This is one of those "easier said than done" things. I don't talk to my relatives that much. Most of them have little to say to me about the family, and those that do have already done so long ago, in my notes that I set aside for the Do-Over!

One of the reasons that I turned to doing this research seriously a few years ago was that my mother was concerned that most of her cousins had passed, and that the memory of her immigrant grandparents/great grandparents would be lost forever. So I talked to folk, and got a lot of information. I have been collecting it ever since.

I helped my wife Cynthia (the newspaper editor) prepare what was essentially a press release for my parent's 50th Anniversary six years ago, and so went over much of their lives. And I have gone through boxes of old photos over the past few years, and have read various accounts that my mother and her father wrote about their lives.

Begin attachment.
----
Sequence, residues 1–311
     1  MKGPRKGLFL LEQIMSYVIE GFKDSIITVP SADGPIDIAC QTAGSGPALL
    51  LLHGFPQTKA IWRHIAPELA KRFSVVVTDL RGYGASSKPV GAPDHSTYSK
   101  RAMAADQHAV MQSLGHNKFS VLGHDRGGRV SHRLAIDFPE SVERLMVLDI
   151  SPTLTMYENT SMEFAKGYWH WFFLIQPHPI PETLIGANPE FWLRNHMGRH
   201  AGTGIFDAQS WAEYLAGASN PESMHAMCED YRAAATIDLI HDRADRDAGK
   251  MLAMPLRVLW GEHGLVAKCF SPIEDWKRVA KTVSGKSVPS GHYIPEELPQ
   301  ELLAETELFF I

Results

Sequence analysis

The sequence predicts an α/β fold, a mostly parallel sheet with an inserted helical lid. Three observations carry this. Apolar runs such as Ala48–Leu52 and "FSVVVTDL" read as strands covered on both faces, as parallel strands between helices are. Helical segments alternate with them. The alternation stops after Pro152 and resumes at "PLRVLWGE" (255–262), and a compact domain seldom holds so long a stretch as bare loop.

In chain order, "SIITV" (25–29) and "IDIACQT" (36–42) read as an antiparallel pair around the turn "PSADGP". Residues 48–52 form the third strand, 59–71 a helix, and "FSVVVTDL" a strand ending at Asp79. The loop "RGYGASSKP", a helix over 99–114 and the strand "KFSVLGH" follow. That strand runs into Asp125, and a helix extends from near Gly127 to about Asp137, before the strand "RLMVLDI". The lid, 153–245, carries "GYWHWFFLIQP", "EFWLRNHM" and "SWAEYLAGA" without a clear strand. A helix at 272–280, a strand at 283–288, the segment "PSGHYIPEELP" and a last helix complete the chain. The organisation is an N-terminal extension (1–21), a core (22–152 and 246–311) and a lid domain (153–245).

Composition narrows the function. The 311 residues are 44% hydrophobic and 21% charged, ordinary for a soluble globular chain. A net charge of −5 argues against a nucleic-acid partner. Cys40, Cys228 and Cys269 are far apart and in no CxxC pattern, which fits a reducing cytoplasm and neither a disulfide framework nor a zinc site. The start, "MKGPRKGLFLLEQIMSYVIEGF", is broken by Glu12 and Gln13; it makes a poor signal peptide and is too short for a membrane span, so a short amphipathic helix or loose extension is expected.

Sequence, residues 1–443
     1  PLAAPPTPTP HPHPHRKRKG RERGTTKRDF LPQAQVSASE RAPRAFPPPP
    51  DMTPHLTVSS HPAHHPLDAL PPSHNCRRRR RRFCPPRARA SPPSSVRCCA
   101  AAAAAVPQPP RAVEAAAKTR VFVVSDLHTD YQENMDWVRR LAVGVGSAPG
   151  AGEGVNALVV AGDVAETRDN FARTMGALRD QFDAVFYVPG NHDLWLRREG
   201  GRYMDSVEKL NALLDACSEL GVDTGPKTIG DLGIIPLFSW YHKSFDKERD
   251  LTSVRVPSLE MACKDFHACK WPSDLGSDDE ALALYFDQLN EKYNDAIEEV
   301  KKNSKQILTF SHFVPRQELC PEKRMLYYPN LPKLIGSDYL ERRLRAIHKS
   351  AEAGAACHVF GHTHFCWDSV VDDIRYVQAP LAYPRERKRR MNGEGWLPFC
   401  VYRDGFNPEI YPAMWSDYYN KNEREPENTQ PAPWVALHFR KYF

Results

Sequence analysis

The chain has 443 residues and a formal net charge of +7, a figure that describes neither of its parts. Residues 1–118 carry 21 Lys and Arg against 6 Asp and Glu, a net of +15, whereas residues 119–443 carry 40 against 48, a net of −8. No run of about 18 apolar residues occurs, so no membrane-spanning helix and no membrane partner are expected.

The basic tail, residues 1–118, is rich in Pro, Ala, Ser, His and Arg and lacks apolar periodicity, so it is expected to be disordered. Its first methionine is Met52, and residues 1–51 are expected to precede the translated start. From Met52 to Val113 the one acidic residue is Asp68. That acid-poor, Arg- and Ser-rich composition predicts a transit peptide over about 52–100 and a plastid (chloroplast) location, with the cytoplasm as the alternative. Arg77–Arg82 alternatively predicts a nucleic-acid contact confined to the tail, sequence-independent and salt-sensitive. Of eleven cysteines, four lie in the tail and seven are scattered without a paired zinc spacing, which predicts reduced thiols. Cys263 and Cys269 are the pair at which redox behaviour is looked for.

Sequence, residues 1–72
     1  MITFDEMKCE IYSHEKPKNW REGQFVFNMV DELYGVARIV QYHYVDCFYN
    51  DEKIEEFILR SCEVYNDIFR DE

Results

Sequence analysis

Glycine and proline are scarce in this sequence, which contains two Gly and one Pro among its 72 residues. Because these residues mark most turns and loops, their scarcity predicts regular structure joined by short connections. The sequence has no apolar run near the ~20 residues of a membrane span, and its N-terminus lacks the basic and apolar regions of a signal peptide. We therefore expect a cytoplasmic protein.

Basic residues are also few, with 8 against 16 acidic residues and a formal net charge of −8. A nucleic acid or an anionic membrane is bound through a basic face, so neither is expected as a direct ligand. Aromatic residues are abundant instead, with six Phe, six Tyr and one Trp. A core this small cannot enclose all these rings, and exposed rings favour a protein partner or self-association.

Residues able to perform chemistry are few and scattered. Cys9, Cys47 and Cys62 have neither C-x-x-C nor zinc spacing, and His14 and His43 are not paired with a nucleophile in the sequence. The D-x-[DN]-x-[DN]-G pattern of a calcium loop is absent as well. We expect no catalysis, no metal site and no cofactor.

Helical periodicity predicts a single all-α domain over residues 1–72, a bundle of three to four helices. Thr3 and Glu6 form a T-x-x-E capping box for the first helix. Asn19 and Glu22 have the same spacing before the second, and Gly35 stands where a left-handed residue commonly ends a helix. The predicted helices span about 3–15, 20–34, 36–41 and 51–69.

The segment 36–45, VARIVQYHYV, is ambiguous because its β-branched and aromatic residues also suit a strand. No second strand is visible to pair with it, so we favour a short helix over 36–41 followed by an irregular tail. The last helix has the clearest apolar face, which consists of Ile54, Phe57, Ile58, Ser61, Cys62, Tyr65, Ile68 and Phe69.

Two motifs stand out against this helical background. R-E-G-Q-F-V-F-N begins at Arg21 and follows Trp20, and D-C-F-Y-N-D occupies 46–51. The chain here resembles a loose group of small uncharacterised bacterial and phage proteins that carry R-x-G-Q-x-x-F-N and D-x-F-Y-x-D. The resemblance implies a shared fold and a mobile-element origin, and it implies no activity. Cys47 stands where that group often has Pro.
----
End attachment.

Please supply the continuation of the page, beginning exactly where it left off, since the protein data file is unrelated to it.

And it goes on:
What I will do this week instead is to separate those materials out and organize them better, and use them to formulate additional questions for follow up.

Setting Research Goals

This is what I am mostly going to be working on this week. I am still trying to figure out how I want to focus my research. Should I focus on just one branch (e.g., my paternal grandmother's family), or work simultaneously on multiple avenues?

I guess that my original main purpose for the Do-Over itself is to reorganize materials, and to go and back-fill my tree to make it properly sourced.